Baran imagined a world of communication that was more similar to that of the modern highways and road networks, where you can get from the smallest, most primitive country road to any metropolitan area through any mix of local, regional, or interstate roads, or highways. The old world of telecommunication was like the railroad system. A few, central and expensive railways dominated the landscape and a few central hubs (stations or railyards) connected them to each other. To get from anywhere to anywhere, you needed first to get to a railway hub (station) and then take one of the regularly scheduled trains with hundreds of other people. If the train station, the rail line, or the engine broke, all traffic would be blocked. In contrast, in a road and highway system, if a highway goes down, you can always take a side road or even simple country lane. All you need is a good car.

Why is the Internet like the highway network and the old telephone network like the railroad network?

Baran’s idea would’ve not been as revolutionary as it is if he did not propose something even more daring than using any connections available at a given time and de-emphasizing hubs. He proposed that the message to be communicated be also broken down into packets (words, sounds, bits of information) and be sent out not all at once, but that each packet (sentence or even word or bunch of pixels) should be sent through the most efficient and freest path available at that moment when each bit of information was about to be communicated. He proposed, in effect, that messages should take advantage of every single scrap of communication capacity available at any given moment so that the entire communication infrastructure could be used to the maximum. This is the gist of his idea of “packet switching.” Going back to our railroad – highway/country road example, he proposed that just like when we ship out merchandise from factories to stores, we should prefer a “car” instead of a “train” system. Shipping by train means that we need to send large batches at the same time. This creates long delays due to the time required to load the train cars, wait for the train to form, then to unload and do the process in reverse. Using many trucks, each serving a destination and taking the least crowded road at the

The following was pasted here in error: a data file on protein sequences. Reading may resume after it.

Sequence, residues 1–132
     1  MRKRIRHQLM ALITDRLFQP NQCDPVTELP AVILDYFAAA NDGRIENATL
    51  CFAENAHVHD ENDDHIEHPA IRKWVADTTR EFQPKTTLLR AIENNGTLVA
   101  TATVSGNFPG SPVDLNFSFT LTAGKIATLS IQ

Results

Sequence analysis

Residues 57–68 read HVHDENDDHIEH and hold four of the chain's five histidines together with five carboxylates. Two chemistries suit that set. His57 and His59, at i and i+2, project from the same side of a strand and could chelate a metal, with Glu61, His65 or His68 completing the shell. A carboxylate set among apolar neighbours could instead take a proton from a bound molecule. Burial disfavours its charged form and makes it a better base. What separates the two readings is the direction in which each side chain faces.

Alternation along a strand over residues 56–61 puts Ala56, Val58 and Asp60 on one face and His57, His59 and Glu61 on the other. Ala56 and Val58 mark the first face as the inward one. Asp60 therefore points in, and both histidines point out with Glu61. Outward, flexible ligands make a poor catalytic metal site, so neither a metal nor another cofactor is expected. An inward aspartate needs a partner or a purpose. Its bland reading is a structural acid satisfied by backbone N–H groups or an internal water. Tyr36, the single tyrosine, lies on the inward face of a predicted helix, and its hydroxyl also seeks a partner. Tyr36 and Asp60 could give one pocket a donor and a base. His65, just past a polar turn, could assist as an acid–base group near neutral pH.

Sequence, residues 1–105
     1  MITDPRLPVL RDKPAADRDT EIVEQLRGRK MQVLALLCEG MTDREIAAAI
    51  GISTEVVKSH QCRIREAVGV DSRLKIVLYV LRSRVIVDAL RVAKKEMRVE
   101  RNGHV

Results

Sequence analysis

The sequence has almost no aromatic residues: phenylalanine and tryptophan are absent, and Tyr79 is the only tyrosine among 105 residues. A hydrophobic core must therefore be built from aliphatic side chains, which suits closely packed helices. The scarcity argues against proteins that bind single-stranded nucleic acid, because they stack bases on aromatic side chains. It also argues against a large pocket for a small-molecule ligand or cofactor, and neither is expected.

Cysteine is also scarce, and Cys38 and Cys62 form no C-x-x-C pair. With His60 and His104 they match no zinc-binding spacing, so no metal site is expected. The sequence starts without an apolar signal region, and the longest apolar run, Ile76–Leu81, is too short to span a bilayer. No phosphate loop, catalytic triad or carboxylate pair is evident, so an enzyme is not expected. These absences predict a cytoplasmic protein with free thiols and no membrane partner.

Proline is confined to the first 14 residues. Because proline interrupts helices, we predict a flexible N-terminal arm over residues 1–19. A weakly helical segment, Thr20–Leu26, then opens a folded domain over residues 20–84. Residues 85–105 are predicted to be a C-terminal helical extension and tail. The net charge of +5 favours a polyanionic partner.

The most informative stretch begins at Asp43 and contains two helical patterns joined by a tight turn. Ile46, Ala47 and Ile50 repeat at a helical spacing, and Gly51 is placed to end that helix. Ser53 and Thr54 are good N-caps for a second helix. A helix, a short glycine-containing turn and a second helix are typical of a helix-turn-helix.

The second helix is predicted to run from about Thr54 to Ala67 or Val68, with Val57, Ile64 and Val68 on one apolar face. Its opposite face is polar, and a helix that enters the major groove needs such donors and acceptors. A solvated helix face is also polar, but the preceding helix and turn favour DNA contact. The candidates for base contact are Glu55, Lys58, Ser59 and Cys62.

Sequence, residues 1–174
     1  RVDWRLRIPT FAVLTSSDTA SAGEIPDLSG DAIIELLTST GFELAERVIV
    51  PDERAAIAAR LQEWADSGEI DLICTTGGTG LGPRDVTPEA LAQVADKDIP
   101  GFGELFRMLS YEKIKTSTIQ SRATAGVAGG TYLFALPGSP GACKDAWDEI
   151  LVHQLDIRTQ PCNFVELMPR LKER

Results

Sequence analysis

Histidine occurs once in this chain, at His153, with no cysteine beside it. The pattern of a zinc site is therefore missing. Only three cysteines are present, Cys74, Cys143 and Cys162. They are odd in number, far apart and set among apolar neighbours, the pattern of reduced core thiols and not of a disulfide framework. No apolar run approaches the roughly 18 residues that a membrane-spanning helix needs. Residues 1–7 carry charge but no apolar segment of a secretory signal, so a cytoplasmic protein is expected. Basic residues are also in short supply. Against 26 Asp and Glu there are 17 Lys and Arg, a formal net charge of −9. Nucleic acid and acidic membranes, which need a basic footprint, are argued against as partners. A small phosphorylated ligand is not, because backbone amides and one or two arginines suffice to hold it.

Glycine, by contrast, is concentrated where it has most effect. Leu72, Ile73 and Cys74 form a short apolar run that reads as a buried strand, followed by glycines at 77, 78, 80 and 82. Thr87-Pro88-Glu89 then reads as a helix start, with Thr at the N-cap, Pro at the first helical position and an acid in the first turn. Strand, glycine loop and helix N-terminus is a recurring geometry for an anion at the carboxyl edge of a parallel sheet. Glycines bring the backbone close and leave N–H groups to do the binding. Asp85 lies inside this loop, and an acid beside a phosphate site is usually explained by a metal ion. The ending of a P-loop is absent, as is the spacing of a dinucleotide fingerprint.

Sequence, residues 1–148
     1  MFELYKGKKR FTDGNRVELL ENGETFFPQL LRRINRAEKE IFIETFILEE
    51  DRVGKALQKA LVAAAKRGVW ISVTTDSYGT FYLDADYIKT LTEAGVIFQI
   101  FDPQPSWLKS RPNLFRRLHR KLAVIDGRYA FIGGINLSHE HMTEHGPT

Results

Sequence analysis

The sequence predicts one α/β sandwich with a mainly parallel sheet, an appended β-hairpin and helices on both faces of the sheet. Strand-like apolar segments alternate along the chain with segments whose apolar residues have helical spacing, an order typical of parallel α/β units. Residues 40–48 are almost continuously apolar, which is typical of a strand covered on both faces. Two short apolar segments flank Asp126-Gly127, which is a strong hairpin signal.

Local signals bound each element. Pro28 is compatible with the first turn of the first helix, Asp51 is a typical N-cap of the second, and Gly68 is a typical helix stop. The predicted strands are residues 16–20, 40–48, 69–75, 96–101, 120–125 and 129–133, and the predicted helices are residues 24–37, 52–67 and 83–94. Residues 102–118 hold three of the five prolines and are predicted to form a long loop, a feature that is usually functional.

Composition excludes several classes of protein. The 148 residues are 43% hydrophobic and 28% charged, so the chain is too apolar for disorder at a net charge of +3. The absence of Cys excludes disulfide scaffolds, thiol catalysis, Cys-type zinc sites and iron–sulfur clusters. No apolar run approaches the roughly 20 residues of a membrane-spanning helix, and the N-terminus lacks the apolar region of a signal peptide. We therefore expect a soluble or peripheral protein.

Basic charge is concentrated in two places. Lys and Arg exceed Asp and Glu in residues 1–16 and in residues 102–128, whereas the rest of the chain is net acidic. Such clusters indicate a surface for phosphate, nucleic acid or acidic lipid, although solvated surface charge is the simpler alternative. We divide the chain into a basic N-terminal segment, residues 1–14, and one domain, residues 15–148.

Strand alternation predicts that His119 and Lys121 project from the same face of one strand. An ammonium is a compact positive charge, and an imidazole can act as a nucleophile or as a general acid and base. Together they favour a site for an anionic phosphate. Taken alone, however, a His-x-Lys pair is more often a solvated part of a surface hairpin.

Going back to our railroad – highway/country road example, Baran proposed that just like when we ship out merchandise from factories to stores, we should prefer a “car” instead of a “train” system. Shipping by train means that we need to send large batches of merchandise at the same time. This creates long delays between production and delivery due to the time required to load the train cars, wait for the train to form, then to unload and do the process in reverse. Using many trucks, each serving a destination and taking the least crowded road at any given time, is far more efficient. This allows us to ship small batches of merchandise, just in time, each to an individual store. Similarly, in the world of communication, breaking down the message into smaller units (packets) is more efficient. This was not only efficient but also very resilient to attack. As if by taking a page of German military strategy used in World War 2 that just ended, to send their troops via roads instead of trains and to keep sending new troops when some were destroyed, Baran imagined in the 1950s that breaking down communication shipments ensured that the enemy could never destroy your communication system or messages. Even if you destroy several nodes in the system, the other nodes will step in to fill in the gaps. In the world of communication this means that if some parts of the message were lost, they can be retrieved by asking the sender to resend the missing parts.